To the Editor:— I read with great interest the study of mouth opening and craniocervical extension by Calder et al. 1Although the authors were circumspect in their interpretation, the relation between extension and mouth opening may provide an important basis for laryngoscopic positioning. Adnet et al. 2demonstrated that for routine intubation, the “sniffing position” does not confer any advantage over simple head extension. Put another way (again, for routine intubation), the essential advantage of the sniffing position over the neutral position results from head extension. Other studies of Adnet et al. 3,4have shown that neither the sniffing position nor simple extension result in the alignment of the oral, laryngeal, and pharyngeal axes. Collectively, these data resulted in a fundamental question: If extension is the essential advantage of the sniffing position over neutrality and extension does not align the oral, laryngeal, and pharyngeal axes, wherein lies its value? The study of Calder et al. makes an important step toward an answer: The value of extension may be that it facilitates mouth opening rather than axis alignment.
It has clearly been shown that limitations of mouth opening are associated with difficult intubation. 5,6The study by Karkouti et al. 6demonstrates that poor mouth opening and craniocervical extension are predictive of difficult intubation. These two “independent” variables have now been shown to be linked, suggesting that limitation of interdental distance is the ultimate disadvantage imposed by impaired extension. It is of interest to consider whether other predictors of difficult intubation, such as micrognathia or decreased thyromental distance, are also related to mouth opening or impaired extension. It is of further interest to consider the Mallampati classification as another measure of mouth opening. Mouth opening is expressed as interdental distance in the study of Calder et al. , whereas with the Mallampati classification, it can be expressed as palatoglossal distance. Stated another way, interdental distance reflects true mouth opening, while palatoglossal distance reflects effective mouth opening, i.e. , the actual volume of free space achievable in the oral cavity independent of the interdental distance. When either interdental or palatoglossal distance are limited by conditions such a decreased cervical mobility, micrognathia, or hyperglossia, intubation is rendered more difficult.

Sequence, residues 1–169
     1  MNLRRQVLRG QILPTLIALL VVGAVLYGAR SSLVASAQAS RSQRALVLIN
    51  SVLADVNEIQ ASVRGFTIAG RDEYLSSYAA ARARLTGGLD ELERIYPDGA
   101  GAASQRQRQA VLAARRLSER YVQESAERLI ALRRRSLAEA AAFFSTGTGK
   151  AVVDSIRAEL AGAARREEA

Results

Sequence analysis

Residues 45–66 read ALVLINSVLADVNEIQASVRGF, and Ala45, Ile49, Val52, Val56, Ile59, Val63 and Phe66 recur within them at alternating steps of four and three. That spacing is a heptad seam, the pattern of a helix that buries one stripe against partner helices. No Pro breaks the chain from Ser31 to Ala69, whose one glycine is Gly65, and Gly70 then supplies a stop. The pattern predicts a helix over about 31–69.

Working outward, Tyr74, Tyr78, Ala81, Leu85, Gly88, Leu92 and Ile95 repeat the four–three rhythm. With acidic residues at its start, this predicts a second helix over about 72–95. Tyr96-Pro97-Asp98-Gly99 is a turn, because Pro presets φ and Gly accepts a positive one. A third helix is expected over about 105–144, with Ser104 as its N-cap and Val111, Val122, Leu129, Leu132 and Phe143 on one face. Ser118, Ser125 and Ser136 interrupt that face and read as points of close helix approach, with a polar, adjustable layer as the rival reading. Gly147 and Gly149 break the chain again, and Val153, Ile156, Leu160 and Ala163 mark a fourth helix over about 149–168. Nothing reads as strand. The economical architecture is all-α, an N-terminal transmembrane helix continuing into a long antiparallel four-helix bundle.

The study of Calder et al. , in conjunction with the studies cited above, suggests that craniocervical extension is a crucial aspect of laryngoscopic positioning and that its value lies in optimizing the degree of interdental distance. As the authors suggest, the next step is to investigate this in the setting of true laryngoscopic positioning, evaluating the maximal gape-facilitating angle of extension in anesthetized patients whose oral airways are actively being manipulated. I would further suggest that mouth opening—delineated as true (inter-dental distance) and effective (palatoglossal distance)—may emerge as the most important measure of difficult intubation and that its maximization may form the basis of rational laryngoscopic positioning.